and Jasdeep Kaur1
Earth and Life Sciences Vrije Universiteit Amsterdam and ILEWG, Amsterdam, The Netherlands
Many years ago, anatomists, anthropologists, forensic pathologists, and forensic odontologists started to find the correlations between the surface soft tissues of the face and the underlying bone structure of the skull. Different methods of facial reconstruction are based on these hypothesized relationships. The main objective of all facial reconstructions for forensic investigations is to reconstruct an individual’s face, usually when no other identifying or antemortem evidence is available, in a sufficient manner to illustrate a similarity to the missing or deceased person, to help in his or her identification. This chapter refers to the different methods of facial reconstruction and craniofacial identification.
Craniofacial identification is a forensic process where a photograph of a missing person is compared with a skull to determine its identity. There are different methods to sculpture a face onto the skull, all of which are based on the reproduction of a possibly recognizable face using the photos (Phillips and Smuts 1996). Facial reconstruction is a method used in forensic investigations to assist in identification. This chapter is focused on the role of craniofacial identification in forensic investigations.
4.2 Anthropometry (Bromby 2003)
The use of facial parameters as a form of evidence is new, and its reliability in medicolegal cases is debatable. Identification from photographs using facial anthropometry has been used in present-day medicolegal court cases (Bromby 2003). An investigative medicolegal report will usually contain multiple comparisons (Bromby 2003). According to Bromby, “Facial mapping is defined as the process of identifying which individual through the facial features and can include video/photo superimposition, anthropometric measurements and morphological comparisons” (2003, p. 302).
Photo-anthropometry is defined as the analysis of anthropometric landmarks, dimensions, and angles to quantify facial characteristics and proportions from a photograph (Ïscan 1993). The main objective of this concept is to get information concerning the real objects illustrated in a photograph from this two-dimensional image. It is frequently used in the examination of traffic accidents, major disasters, and crime scenes.
When the morphological characteristics of an individual are documented, the height, weight, and body type are the noted first. Hair, racial, and ethnic facial appearances, the color of the individual’s skin, and any distinctive individuality such as tattoos, surgical scars, and other scars, congenital deformities, and so forth are documented if feasible. It has been reported that camera angles and camera distance can all affect the appearance of the individual and make identification more difficult. It has been reported that emotions such as anger, fear, happiness, and surprise can significantly change facial features (Ïscan 1993). Physiological and pathological changes such as disease, aging, and exposure to the elements also affect morphology (Donofrio 2000).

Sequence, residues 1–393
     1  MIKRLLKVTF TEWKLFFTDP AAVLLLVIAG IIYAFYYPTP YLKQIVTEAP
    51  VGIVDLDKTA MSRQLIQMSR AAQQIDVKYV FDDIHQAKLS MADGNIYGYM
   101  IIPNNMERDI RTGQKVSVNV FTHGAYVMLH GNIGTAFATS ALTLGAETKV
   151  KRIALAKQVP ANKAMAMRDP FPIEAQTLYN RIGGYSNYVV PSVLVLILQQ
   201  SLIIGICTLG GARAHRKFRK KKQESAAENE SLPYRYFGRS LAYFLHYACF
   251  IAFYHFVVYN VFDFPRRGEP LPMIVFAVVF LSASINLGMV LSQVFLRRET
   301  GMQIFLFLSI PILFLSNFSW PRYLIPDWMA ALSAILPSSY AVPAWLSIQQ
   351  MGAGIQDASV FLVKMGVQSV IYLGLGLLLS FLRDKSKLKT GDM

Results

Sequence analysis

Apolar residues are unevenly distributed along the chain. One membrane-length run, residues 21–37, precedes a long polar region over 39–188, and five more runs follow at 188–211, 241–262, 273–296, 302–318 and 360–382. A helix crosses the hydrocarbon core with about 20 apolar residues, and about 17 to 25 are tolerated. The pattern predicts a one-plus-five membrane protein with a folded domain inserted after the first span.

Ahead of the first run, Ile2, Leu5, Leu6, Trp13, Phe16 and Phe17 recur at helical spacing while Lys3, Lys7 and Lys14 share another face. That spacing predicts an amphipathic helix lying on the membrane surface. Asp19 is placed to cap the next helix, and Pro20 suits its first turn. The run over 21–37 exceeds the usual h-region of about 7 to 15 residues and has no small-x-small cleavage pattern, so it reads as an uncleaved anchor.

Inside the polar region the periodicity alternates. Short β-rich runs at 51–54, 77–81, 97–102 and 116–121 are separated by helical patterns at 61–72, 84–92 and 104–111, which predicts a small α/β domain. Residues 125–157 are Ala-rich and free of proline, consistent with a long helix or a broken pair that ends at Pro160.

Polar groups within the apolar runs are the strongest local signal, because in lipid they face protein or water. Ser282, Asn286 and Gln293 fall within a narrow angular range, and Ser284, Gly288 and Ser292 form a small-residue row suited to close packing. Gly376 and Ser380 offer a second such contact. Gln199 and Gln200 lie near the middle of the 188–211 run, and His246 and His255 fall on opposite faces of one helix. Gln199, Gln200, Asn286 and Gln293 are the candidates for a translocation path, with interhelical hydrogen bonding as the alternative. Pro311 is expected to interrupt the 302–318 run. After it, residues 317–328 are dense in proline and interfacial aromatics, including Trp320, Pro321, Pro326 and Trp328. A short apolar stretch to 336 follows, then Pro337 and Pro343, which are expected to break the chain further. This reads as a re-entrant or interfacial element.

Superimposition is a method of identification that involves photographic and video superimposition. If no medical or dental records are available, but one has an idea about the identity of the deceased person, then a skull and a photograph can be superimposed as well as two photographs. Before the person’s identity has been formally determined, dental and other records, if available, should be examined for further verification. Video superimposition on dead persons is better used to exclude someone rather than to provide positive identification because it can certainly be stated that a skull and photograph may not be of the identical individual (Vanezis and Brierley 1996). In order to ascertain a positive identification, the two images should be taken with the same viewpoint or at least from a very similar position (Vanezis and Brierley 1996). When both images are from living individuals, as opposed to one being an image of a skull, landmarks vary according to the position from which the image was obtained (Shahrom et al. 1996). Landmarks include the nasal cavity, bite line, and eye sockets on a skull, which are usually aligned (Yoshino et al. 2000). It has been reported that special attention is paid to the curves of the forehead, the depth of the nasal bridge, the shape and projection of the nasal bones, the lower face and chin prominence, and the height of the vault, when comparing a skull to a lateral photograph, while attention is focused on the orbital size and shape, the breadth of the nasal bridge, the width of the nasal aperture, the total facial length and width, the ratio of mid-face to upper or lower face length, and the mandibular shape with a frontal photograph. As the images are in position, one image is superimposed on top of the other, keeping the horizontal, vertical, or diagonal alignment (Austin-Smith and Maples 1994).
The skull landmarks (George 1993) that are often used follow:
Craniometric landmarks (Fig. 4.1):
Dacryon (Da): the point of junction of the frontal, maxillary, and lacrimal bones on the lateral wall of the orbit
Frontomalar temporal (Fmt): the most lateral point of junction of the frontal and zygomatic bones
Glabella (G): the most prominent point between the supraorbital ridges in the midsagittal plane
Gnathion (Gn): a constructed point midway between the most anterior (Pog) and most inferior (Me) points on the chin
Gonion (Go): a constructed point; the intersection of the lines tangent to the posterior margin of the ascending ramus and the mandibular base, or the most lateral point at the mandibular angle
Nasion (N): the midpoint of the suture between the frontal and the two nasal bones
Nasospinale (Ns): the point where a line drawn between the lower margins of the right and left nasal apertures is intersected by the midsagittal plane (MSP)